It is easy to see why the notion of appointing a Chief Data Officer or Chief Digital Officer as a “quick fix” catalyst for accelerating digital innovation efforts has gained traction with many organizations.
A recent Genpact Research Institute study found that more than two thirds of digital transformation projects fail to meet expectations. Further, just 35 percent of operational executives have seen strong benefits from the digital initiatives they have implemented. Why the shortfall between expectations and reality?
The answer is complicated, and may vary widely from enterprise to enterprise, involving factors such as misalignment between technology and business teams, process and legacy integration failures, and talent shortages. But data is a big part of the puzzle.
From an analytics standpoint, many of the struggles organizations face can be traced back to a failure to implement data governance procedures in the middle- and back-office that would enable both Chief Digital Officers and Chief Data Officers to truly accelerate digital transformation.
You may be aware of the Four Vs of Big Data - velocity, veracity, volume, and variety. However, in order for the digital enterprise to truly deliver on its promise, there is another V that is coming into sharp focus – one that is increasingly keeping both types of CDOs awake at night: data virility. Data virility is the potency and efficacy of data in generating the right insights that lead to impactful business outcomes.
For the data to be virile, it must be trustworthy.
Data in any organization primarily comes in from the systems of record. These systems are generally rigid. However, they are controlled by a certain set of information governance rules, values if you will.
As enterprises add more external data to the mix – e.g., information from credit bureaus, social media, and companies integrated through mergers and acquisitions, and various other sources – information governance becomes an ever more formidable exercise. Accordingly, as the gap between the systems of record and the management information systems increases, generating real value from the data becomes more elusive.
This is the challenge CDOs consistently grapple with:
Is my digital infrastructure adequate?
Do I have the right digital processes in place?
Is the data I use trustworthy?
Are the insights that my information systems are generating reliable and useful?
Are my analytics systems providing the data that my enterprise needs?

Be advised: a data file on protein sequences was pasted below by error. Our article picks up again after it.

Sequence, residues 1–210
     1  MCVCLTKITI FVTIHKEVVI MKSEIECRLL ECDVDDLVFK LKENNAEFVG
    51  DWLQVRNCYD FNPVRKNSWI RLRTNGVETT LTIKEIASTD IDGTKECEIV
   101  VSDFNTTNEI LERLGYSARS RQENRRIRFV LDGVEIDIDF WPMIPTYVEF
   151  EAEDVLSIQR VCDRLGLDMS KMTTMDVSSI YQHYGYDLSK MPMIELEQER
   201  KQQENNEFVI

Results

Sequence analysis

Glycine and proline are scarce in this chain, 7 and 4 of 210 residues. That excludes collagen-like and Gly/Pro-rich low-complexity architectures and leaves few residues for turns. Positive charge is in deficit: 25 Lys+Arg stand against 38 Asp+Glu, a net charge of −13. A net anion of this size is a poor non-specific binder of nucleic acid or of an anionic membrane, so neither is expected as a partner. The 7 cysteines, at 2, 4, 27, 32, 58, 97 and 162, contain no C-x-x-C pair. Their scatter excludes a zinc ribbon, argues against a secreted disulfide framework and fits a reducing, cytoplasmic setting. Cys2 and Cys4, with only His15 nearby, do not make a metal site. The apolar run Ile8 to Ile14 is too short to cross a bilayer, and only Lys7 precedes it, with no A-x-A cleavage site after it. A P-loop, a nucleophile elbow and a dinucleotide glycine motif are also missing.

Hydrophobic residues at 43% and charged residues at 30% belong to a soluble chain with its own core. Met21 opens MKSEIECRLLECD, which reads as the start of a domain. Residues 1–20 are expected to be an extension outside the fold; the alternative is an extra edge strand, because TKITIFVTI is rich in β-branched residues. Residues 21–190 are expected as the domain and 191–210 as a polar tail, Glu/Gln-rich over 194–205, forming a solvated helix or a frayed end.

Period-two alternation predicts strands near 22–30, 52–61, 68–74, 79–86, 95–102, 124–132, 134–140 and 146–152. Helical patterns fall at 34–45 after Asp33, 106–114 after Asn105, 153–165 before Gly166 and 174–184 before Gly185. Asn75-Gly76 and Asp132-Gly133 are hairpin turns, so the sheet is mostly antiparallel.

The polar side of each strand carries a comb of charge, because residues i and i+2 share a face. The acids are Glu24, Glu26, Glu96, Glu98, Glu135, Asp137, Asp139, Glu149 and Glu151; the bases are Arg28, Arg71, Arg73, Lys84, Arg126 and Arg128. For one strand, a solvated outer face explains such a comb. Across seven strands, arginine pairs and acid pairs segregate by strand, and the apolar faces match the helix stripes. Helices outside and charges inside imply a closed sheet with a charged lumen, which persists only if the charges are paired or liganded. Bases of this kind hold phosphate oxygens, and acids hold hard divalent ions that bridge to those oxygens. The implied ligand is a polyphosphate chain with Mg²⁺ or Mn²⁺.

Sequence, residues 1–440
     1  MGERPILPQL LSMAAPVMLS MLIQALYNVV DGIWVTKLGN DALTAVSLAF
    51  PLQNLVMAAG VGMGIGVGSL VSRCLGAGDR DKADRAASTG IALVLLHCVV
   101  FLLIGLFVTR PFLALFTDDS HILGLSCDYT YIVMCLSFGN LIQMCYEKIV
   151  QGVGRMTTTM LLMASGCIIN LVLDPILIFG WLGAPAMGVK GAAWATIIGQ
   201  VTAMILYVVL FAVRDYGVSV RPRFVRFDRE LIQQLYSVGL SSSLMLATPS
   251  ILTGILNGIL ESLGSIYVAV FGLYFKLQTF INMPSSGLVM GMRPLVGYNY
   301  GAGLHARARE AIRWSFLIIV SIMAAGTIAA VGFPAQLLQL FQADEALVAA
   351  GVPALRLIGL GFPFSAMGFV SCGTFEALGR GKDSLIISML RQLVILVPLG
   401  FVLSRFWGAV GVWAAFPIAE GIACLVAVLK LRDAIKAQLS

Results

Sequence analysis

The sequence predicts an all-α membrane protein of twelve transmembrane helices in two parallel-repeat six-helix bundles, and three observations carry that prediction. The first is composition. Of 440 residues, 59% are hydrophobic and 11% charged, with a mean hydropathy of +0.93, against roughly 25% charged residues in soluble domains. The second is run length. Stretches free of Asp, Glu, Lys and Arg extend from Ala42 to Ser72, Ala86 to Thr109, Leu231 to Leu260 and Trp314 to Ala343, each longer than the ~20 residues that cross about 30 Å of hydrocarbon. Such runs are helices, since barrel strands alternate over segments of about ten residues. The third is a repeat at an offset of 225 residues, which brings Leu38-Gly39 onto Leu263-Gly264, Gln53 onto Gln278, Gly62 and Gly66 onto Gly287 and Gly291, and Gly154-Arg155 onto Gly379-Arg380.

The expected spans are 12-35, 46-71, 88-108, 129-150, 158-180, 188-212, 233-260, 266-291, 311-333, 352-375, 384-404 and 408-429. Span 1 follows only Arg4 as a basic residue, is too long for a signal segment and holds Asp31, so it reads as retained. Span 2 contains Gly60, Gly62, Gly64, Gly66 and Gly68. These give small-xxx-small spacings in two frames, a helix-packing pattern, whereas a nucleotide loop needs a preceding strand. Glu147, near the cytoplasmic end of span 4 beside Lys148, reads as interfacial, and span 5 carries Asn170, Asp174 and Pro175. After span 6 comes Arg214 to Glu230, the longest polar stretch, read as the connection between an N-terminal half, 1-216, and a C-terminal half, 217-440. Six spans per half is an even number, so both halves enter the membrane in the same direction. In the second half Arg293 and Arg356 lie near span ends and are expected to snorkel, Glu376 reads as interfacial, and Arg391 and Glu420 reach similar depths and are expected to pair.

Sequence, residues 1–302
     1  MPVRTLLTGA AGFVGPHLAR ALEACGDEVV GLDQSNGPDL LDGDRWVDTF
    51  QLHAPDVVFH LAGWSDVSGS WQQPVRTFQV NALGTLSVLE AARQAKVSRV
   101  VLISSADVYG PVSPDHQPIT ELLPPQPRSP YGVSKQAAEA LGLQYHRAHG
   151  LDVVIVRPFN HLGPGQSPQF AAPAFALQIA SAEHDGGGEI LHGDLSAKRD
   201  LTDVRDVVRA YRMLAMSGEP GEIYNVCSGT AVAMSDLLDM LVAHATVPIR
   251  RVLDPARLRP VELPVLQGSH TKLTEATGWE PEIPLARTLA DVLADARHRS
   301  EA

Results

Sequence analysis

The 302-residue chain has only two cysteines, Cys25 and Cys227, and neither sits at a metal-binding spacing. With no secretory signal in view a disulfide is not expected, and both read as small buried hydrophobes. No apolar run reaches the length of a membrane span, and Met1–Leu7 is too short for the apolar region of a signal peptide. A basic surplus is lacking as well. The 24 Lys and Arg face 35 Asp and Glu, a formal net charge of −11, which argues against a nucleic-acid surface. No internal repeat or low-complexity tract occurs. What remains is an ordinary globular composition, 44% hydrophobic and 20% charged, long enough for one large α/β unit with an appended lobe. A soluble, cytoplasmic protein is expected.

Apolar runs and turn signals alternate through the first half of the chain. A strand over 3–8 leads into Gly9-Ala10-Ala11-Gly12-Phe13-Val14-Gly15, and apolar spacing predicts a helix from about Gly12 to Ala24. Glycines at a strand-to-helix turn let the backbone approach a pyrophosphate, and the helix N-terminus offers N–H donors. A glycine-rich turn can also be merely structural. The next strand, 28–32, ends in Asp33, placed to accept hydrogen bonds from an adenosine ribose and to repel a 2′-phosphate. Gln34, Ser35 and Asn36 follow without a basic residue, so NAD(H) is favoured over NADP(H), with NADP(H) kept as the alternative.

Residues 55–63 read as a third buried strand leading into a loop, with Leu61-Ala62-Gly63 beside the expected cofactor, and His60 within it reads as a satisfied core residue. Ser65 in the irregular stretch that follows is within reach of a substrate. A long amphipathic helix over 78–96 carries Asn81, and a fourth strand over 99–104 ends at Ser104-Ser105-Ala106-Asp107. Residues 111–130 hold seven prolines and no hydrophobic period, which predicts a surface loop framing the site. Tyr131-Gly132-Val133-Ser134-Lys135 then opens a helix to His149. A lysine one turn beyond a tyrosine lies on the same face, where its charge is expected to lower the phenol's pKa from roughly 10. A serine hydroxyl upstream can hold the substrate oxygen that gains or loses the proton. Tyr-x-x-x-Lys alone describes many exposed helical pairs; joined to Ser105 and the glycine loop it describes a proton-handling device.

True digital transformation involves a combination of systems, and processes to create the “pipes” for data to flow. But when the data component is dysfunctional, no amount of digital change will matter, and CDOs will struggle, regardless of their mandate.
So what is the solution?
As more and newer sources of data enter the equation, CDOs need to understand how they can apply the same values and governance structures that exist in their systems of record further down the information value chain.
What does this mean in practical terms? First, it means that any sort of data manipulation should start with a focus on business outcome. CDOs need analytics engines that derive actionable insights to select the correct data across systems, and apply information governance so they can trace every manipulation back to its source.
Even with the best data governance, CDOs can benefit from digital systems that can best optimize all the information sources. Integrating technology and process re-engineering using Lean management strategies can help prevent the digitization of broken processes while also simplifying interventions.
The crying need is for fast paced, iterative change rather than the traditional long cycle, investment heavy, rigid transformation journeys which in today’s fast-changing environment are often too late and too expensive. Lean practices, used alongside advanced digital technologies and a design thinking discovery process that focuses first and foremost on the customer, are effective in driving agile and iterative transformation to achieve lasting enterprise-wide results.
Digital technologies are radically changing how enterprises run, arguably with greater and deeper impact than that of any previous evolution. But a continued reliance on legacy systems and a lack of governance across business processes and information systems continue to hold organizations back, keeping CDOs from achieving their promise. Only when data virility is established throughout the information value chain will true digital transformation be possible.
Today’s challenge is not new technology; it is management’s ability to re-architect how businesses run – at scale – by harnessing digital’s power to better adapt and compete. CDOs can drive greater benefits from digital technology aligned through the front, middle, and back office, to unlock more value, simplify complex processes and impact business outcomes.
This approach also drives the emergence of more intelligent operations that can execute faster and more accurately, and adapt over time. The end result delivers digital transformation that is more rapidly attainable, with scalable and cost-effective business process platforms tied to enterprise-wide results.
(About the authors: Paul Burton is Senior Vice President and Business Leader, Analytics & Research; and Sanjay Srivastava is Senior Vice President and Chief Digital Officer, at Genpact, a global leader in digitally-powered business process management and services.)
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